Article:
A Georgian Revival


This once abandoned property in Woodland Park was saved from the wrecking ball and endured a yearlong renovation back to its original grandeur.

In Columbus’ near east side sits what could be one of the city’s best-kept secrets.  The Woodland Park neighborhood is home to several unique communities blended into one melting pot of people and structural design.  Established during the turn of the 20th century, Woodland Park was one of Columbus’ first planned, upscale-suburban districts.  It was home to local notable artist Emerson Burkhart as well as business and community leaders of the early 1900s.  Today, the neighborhood’s quiet streets, convenient location and grand mix of architecture make it appealing to a diverse group of residents.

In this exceptional cluster of homes, architectural styles range from Arts and Crafts, Victorian, English Tudor (Tudor Revival Period), Mission and Dutch Colonial (Colonial Revival).  One home in particular is a Georgian Revival on Woodland Avenue in the heart of Woodland Park.  This home just north of Franklin Park Conservatory was sadly scheduled for demolition in early 2002, until the current owners put in a bid to purchase and save this piece of history.  Closing the sale in September 2002, the owners began a 13-month renovation process to restore the building from a dilapidated apartment building, to a stately four-bedroom manor. 

Like many urban neighborhoods, Woodland Park experienced re-birth in the 1980s and 1990s.  This particular property served as a four-unit apartment building for several decades.  Guardian angels arrived late, but the new owners took great care in restoring the residence to its Georgian roots, while adding updates for 21st century living.  Before the bulk of the renovation could begin, the owners, their family and hired contractors gutted the four apartments, leaving only the supporting walls. 

One year, 52 large construction dumpsters and 550 sheets of drywall later, it was time to call the once abandoned house a home.  When visiting this residence, the owners’ extensive work and eye for detail is very apparent.  Their vision for the renovation was to re-create the space as one of hospitality and entertainment.   Oversized furniture, period lighting and original artwork combine to produce a living space inviting to all.  Most impressive is the collection of art and the role it plays in the residence.  Ranging from Dalis, Degas and Picassos, the pieces do not add pretentiousness, but compliment and work with the other design features.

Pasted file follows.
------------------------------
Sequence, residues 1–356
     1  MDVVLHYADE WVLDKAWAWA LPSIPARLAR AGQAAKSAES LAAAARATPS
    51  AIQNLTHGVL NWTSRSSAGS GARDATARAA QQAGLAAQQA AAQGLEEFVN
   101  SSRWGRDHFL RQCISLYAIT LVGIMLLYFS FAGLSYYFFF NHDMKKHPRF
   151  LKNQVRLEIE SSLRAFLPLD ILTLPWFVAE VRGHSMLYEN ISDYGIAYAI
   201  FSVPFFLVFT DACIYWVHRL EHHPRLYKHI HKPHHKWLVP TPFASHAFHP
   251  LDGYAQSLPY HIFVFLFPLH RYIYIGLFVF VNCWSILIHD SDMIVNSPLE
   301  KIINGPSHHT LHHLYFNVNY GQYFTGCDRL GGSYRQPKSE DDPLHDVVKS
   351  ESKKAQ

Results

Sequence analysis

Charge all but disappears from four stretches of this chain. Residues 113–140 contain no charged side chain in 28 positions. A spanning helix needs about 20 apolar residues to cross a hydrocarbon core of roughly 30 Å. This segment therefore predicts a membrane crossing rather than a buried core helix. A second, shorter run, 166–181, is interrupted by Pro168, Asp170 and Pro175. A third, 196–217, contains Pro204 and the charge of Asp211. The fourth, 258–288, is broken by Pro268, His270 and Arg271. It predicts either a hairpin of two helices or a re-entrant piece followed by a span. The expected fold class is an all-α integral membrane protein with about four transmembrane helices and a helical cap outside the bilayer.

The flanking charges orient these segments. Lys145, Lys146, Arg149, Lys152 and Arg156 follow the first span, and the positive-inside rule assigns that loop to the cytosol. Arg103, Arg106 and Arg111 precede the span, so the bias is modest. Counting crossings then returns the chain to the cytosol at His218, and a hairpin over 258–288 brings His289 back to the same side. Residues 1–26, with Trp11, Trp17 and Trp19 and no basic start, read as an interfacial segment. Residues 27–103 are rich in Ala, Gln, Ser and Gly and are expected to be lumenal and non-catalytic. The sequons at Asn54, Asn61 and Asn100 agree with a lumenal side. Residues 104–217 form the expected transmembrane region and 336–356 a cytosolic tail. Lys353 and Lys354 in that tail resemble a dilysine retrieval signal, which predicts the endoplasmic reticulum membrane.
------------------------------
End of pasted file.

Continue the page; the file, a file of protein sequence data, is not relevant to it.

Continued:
Homes of this style were purposely built on a massive scale.  During the late 19th and early 20th centuries, homes of this nature were not only built to impress visitors, but to also make them feel comfortable while being entertained.  Large pieces of furniture were also typical of this period, and homes had to be large enough to accommodate.  Upon entering the home, guests become immediately aware of the size.  The focal point of the hallway is the grand staircase, which is gorgeous in detail, with its wainscoting, painted spindles and two-toned stained banister and knoll posts.  Most impressive is the extensive work the owners did to strip and refinish the woodwork throughout the home, including the staircase.

On the first floor, the owners’ favorite room is obviously the library, which now serves as a family/TV room.  The unbelievable coffered ceiling exemplifies the workmanship and detail of a bygone era, which was re-created for modern times.  This ceiling originally would have been a stained wood finish.  However, the new white paint helps to brighten and update the space.  Upstairs, the owners’ majestic master bedroom suite is impressive both in size and detail.  Boasting a cozy sitting area graced with a fireplace and bold artwork, this suite rivals those found in upscale hotels.  The master bathroom once again highlights the renovators’ emphasis on historical detail.  Most bathrooms in older homes were able to accommodate furniture pieces and the owners kept this tradition with an antique cabinet for storing towels and sundries. 

Of the many homes in Woodland Park, this gem on Woodland Avenue is one of numerous examples of historic preservation in Columbus’ urban neighborhoods.  Time, effort and money have turned around many of the forgotten communities in this city over the past 40 years.  Woodland Park is worthy of a visit by those not familiar with the area, because no other “village” in Central Ohio has such a wide-variety of beautifully restored architecture.